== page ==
THE summer seems disposed to linger kindly, but the market is full of autumn vegetables, too, and the apples are gathering in faintly accusing mounds. Jane Grigson has celebrated the discovery of a recipe in a local paper, and here’s one for the autumn from mine, which is for those who like the very British combination of savoury and sweet flavours. It’s offered as an accompaniment to pork, a la Normande, but it works well with a well-flavoured Quorn fillet, and it’s a good way to use windfalls.
1kg (2lb) potatoes, peeled
1kg (2lb) eating apples
2 onions, peeled
Boil and mash the potatoes coarsely. Peel, core, and chop the apples, and stew them in a little water, but keep the pieces intact. Chop the onions coarsely, and cook them in plenty of butter in a large saucepan. When the onion is tender, add the potato and apple, season well, and serve with your accompaniment.
Nicola gave us a very simple but delicious Vegetarian soup/casserole/stew in honour of the women’s co-operative in Tamil Nadu that she had just visited. The women get together every day and cook their own lunches, and this is a favourite. Obviously it lends itself to variation, but the basic ingredients are:
a little coconut oil
an onion, chopped finely
mushrooms, chopped roughly
a mixture of vegetables: spinach, broccoli florets, green beans, peppers, courgettes, marrow, carrots, aubergines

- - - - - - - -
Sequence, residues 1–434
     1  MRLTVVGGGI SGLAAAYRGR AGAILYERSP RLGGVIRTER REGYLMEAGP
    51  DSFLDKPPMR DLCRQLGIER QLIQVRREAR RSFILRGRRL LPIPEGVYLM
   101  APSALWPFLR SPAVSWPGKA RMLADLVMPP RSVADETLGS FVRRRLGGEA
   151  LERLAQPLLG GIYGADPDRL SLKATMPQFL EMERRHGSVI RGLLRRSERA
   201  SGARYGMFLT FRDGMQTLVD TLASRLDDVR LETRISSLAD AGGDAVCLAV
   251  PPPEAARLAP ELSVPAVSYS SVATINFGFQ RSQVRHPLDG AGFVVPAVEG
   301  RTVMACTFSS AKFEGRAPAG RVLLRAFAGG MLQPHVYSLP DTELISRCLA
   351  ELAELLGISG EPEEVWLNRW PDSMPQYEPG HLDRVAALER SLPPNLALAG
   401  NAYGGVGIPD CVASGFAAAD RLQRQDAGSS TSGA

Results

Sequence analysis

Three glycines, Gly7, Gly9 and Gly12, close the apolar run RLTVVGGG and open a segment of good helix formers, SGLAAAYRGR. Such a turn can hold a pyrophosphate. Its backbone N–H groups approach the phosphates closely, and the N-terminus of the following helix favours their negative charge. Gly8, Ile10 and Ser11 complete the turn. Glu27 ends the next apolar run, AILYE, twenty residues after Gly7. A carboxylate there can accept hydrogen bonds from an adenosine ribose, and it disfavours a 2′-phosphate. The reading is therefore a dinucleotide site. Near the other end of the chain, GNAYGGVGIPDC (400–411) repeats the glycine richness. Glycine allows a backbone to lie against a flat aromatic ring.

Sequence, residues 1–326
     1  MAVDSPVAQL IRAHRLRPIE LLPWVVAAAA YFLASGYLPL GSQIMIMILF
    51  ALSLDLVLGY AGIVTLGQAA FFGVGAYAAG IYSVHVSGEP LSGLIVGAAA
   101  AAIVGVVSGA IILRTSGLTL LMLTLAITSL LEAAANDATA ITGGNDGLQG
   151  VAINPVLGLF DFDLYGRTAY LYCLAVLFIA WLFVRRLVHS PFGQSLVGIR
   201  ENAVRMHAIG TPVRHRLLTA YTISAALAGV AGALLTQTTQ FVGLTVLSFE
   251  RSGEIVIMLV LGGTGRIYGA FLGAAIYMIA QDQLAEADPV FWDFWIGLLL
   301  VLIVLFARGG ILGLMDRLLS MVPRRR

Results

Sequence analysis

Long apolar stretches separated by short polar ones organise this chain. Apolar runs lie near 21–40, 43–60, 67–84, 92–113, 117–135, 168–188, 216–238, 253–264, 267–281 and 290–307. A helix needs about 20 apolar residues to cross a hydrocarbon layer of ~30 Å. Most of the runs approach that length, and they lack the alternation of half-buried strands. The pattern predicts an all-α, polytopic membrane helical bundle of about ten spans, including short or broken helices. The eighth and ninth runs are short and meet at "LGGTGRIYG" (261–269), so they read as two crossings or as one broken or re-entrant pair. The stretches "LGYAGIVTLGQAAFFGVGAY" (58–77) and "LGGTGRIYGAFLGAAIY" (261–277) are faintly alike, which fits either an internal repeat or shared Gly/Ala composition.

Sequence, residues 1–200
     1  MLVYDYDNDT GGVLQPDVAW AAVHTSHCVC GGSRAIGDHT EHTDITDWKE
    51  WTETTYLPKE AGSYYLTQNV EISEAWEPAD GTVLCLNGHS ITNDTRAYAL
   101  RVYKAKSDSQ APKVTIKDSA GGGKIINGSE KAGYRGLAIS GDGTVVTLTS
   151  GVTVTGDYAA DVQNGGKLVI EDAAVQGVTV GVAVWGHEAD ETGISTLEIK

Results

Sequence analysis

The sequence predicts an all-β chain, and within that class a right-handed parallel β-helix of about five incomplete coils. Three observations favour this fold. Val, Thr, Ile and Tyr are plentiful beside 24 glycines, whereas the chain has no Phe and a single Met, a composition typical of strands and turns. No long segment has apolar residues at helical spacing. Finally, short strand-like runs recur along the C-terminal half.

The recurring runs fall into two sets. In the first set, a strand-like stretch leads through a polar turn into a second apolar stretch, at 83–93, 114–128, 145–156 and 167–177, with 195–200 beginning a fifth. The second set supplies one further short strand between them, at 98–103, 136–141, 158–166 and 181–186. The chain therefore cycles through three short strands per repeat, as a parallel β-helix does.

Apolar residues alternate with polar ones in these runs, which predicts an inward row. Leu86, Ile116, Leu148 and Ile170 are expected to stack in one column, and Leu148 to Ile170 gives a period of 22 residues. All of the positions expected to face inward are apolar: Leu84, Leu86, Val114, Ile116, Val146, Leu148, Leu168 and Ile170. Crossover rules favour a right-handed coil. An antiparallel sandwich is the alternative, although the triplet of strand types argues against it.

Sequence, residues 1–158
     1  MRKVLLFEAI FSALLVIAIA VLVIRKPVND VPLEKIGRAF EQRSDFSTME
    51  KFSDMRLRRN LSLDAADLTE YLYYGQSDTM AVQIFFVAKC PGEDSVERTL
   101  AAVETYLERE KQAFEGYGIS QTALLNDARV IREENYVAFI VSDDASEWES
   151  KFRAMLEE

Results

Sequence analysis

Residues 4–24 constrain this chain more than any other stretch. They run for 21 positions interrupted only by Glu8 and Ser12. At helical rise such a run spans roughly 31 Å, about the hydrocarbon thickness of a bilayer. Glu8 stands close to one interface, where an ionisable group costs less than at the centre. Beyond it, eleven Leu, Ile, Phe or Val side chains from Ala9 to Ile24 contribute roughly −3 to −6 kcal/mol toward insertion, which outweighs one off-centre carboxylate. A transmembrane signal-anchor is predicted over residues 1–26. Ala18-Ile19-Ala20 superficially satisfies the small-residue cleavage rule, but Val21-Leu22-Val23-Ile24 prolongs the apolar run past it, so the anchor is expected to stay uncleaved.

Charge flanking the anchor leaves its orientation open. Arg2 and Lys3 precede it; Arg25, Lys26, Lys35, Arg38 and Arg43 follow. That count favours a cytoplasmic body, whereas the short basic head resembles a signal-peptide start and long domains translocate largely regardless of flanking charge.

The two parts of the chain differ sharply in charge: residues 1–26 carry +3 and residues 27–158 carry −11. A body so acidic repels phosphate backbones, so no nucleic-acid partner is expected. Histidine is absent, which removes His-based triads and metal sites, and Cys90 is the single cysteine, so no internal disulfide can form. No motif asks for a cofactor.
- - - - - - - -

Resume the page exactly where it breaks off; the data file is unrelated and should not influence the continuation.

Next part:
slices of fresh ginger
tin of chickpeas
1 tin of coconut milk
Fry an onion in the coconut oil, add and briefly cook some chopped mushrooms, add curry powder, stir it, put in your vegetables and a cup or two of water. Cook for quarter of an hour, and, before serving, stir in a tin of coconut milk. Season and serve with rice and yogurt and chutney if you like it. I find the ginger pieces make a refreshing change from my garlic-with-everything approach.
Recently, I made Beetroot crisps, which were pronounced good by others, and didn’t, surprisingly, leave the kitchen looking like a crime scene. So, if you find a beetroot lurking at the bottom of the vegetable box, scrub it, slice it, and toss the slices in a little olive oil and sea salt. Spread them on a baking sheet, and put them in the oven, when you’re cooking something else, for about half an hour. A few sprigs of fresh rosemary help.
I find, contrary to my expectations, that a thicker slice is more successful: my thinner sliced ones carbonised rather than dried out. Experiment with oven temperature and placement, and keep an eye on them. Any soggy/chewy ones can be added to a casserole or vegetable dish later.